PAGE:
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Old 09-02-2004, 06:21 PM   #1
Jay Smith
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Newbie questions, Mandrakelinux10, KDE desktop


These may be available in answers somewhere but ive solved the problems i had which i could put into a sentence to search for, but these i couldnt. sounds stupid but true. for instance i searched the kde help for "resolution" and found 0 results.

1. how do i increase the resolution? Im using KDE.
2. how do i get the documentation of MandrakeLinux, without downloading? I looked on disc 1, all there was was languages other than English! On the Welcome to Mandrakelinux screen which comes at startup, i click on documentation and try to install it but i end up with it saying it cant be found, even though it hasnt looked on the disc.
3. what do i do when it crashes? it crashes a few minutes ago, and i didnt know what to do! on windows you click ctrl-alt-delete but all i could do on linux was shut it down!
4. where do i start if i want to make my system as secure as possible while still using the internet? in the mandrake control panel when i click on the firewall icon it "loads" forever and never comes up! By the way i clicked 'standard' security in the installation because it said recommended and i dont know much about computers. would high be good?
5. how sure can i be of my systems security, i mean domestic as well as internet. how easy is it for someone else using the computer to access my files?
6. is ALL records of computer usage stored in /var/logs? is it safe to regularly delete this folder?
7. how do i make it so that when i open an app it automatically maximizes the window?

thank you very much in advance.
 
Old 09-02-2004, 07:01 PM   #2
Mara
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1. Run KDE Control Center -> Peripherials -> Display
In fact, KDE has nothing to do with resolution. There's a lower level, called X that handles this.

2. Open the program to install packages and install mandrake_doc-(insert your country code here).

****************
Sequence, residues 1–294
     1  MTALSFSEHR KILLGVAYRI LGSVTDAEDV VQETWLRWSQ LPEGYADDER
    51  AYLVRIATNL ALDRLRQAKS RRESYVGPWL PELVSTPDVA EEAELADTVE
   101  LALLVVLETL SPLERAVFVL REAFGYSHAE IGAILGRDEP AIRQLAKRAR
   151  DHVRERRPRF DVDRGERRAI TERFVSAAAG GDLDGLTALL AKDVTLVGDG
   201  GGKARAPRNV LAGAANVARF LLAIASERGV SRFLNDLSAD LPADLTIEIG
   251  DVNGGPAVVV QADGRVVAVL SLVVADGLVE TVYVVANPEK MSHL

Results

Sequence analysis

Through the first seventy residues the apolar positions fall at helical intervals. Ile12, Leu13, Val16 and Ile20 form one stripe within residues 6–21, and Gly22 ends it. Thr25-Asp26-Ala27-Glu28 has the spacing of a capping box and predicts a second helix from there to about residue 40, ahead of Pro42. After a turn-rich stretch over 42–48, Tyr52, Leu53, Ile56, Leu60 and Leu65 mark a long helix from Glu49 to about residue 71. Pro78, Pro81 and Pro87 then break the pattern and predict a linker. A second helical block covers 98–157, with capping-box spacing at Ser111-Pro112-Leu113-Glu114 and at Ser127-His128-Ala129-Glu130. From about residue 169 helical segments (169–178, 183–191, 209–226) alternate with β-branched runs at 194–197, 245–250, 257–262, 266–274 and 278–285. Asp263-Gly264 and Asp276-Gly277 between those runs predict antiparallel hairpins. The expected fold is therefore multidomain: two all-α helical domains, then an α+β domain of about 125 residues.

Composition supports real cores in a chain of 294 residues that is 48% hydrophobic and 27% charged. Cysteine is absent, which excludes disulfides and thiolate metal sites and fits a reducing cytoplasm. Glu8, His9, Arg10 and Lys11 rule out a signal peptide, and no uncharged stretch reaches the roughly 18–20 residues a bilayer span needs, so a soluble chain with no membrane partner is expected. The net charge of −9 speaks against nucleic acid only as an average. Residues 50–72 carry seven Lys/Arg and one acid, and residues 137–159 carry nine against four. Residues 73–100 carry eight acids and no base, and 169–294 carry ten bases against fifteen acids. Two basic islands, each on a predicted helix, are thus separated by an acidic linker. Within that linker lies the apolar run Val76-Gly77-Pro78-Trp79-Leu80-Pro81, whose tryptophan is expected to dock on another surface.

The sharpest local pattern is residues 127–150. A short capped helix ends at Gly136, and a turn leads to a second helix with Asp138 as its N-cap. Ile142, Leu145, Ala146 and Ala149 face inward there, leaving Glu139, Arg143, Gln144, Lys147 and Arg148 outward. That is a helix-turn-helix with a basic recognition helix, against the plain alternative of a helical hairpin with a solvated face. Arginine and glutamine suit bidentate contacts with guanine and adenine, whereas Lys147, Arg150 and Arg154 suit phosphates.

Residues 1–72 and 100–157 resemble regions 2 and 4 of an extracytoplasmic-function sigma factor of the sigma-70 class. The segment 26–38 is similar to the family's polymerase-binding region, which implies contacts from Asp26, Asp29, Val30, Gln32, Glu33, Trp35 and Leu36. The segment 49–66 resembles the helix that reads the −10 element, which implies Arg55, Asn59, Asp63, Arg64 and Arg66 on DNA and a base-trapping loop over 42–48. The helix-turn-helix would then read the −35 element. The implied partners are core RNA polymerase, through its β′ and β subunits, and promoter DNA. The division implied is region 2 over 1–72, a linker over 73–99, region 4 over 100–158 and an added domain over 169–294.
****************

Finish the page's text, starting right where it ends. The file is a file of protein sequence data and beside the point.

3. There is a number of options depending on what has crashed. If it's just one program, you can use kill or xkill (first text mode, second graphical) to kill the program. If you have no control over the GUI, you can press ctrl+alt+backspace to kill the whole GUI (will restart to the login screen), if you don't want to kill all the GUI programs, press ctrl+alt+f1, you should get to a text mode login screen, log in, then you can use 'ps' command to list all processes (in first column their numbers) and 'kill <insert process number>' to kill one of them.

4. 'Standard' level of security is OK for a desktop machine. 'High' is rather for a server. If Mandrake firewall doesn't work for you, I think you should go for a script you will install yourself. Keyword here: iptables. Iptables is the program (text mode) used to build firewall. It has quite complicated syntax, so for a first time I'd recommend to download a script (there are many of them when you search this site, choose the one that fits your situation most) or use one of the programs that generate firewalling scripts. Unfortunatelly I don't remember any name or link. Maybe someone will jump in and post one or two.

5. If the second person doesn't have a root password and doesn't know your password, access to your files is hard. Only you can root can read files in /home/yourname. But still, if someone has physical access to the machine, can boot from a floppy or cd and access your files. BTW Mandrake allows you to have encrypted filesystem (so you always need a password to access it).

6. All, I think. But old logs can be useful. For example when something stops working you can find out how it was earlier and even see what has changed.
 
Old 09-02-2004, 07:04 PM   #3
Tino27
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I can answer some of the questions for you...

1) I believe KDE comes with an application called SaX2 that will allow you to change the resolution.

2) Don't know, don't use Mandrake.

3) You didn't exactly say what crashed. Did X crash? Or was it just one program that crashed/hung? If it is simply a program that hung, you can kill the process by issuing the following command in a terminal window:

kill <pid> (where pid is the Process ID of the application you want to kill)

You can get the PID value by finding it in the list of running processes. You can find more out about the 'kill' command by typing 'man kill' in a terminal window. To get the list of running processes, in a terminal window, type:

ps aux

Or, if you know the name of the process, you can type:

ps aux | grep <progname> (obviously fill in the progname with the actual program name)

If, on the other hand, X is crashing, then that could be any number of things and you should probably post an entry specific to that problem.